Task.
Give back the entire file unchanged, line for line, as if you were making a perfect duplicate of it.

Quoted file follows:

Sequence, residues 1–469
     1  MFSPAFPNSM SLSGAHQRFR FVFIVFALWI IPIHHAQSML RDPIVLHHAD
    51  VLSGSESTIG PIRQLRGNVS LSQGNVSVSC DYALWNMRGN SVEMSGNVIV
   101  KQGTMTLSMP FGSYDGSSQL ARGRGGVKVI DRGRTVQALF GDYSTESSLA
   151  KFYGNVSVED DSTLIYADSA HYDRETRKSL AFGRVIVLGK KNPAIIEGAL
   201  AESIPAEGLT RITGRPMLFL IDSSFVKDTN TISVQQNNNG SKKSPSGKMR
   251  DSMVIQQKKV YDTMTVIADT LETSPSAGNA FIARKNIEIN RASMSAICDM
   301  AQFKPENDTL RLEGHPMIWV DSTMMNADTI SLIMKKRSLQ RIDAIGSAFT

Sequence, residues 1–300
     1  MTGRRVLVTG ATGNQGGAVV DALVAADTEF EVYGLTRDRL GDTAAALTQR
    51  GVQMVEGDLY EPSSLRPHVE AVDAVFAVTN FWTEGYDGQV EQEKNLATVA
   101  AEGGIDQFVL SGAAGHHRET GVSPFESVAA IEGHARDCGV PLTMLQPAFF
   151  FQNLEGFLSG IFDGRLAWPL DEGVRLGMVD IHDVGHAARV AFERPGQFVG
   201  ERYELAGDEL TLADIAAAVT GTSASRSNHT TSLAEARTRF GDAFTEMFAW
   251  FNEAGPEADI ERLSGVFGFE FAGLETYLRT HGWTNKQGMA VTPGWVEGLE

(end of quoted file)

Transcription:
Sequence, residues 1–469
     1  MFSPAFPNSM SLSGAHQRFR FVFIVFALWI IPIHHAQSML RDPIVLHHAD
    51  VLSGSESTIG PIRQLRGNVS LSQGNVSVSC DYALWNMRGN SVEMSGNVIV
   101  KQGTMTLSMP FGSYDGSSQL ARGRGGVKVI DRGRTVQALF GDYSTESSLA
   151  KFYGNVSVED DSTLIYADSA HYDRETRKSL AFGRVIVLGK KNPAIIEGAL
   201  AESIPAEGLT RITGRPMLFL IDSSFVKDTN TISVQQNNNG SKKSPSGKMR
   251  DSMVIQQKKV YDTMTVIADT LETSPSAGNA FIARKNIEIN RASMSAICDM
   301  AQFKPENDTL RLEGHPMIWV DSTMMNADTI SLIMKKRSLQ RIDAIGSAFT

Sequence, residues 1–300
     1  MTGRRVLVTG ATGNQGGAVV DALVAADTEF EVYGLTRDRL GDTAAALTQR
    51  GVQMVEGDLY EPSSLRPHVE AVDAVFAVTN FWTEGYDGQV EQEKNLATVA
   101  AEGGIDQFVL SGAAGHHRET GVSPFESVAA IEGHARDCGV PLTMLQPAFF
   151  FQNLEGFLSG IFDGRLAWPL DEGVRLGMVD IHDVGHAARV AFERPGQFVG
   201  ERYELAGDEL TLADIAAAVT GTSASRSNHT TSLAEARTRF GDAFTEMFAW
   251  FNEAGPEADI ERLSGVFGFE FAGLETYLRT HGWTNKQGMA VTPGWVEGLE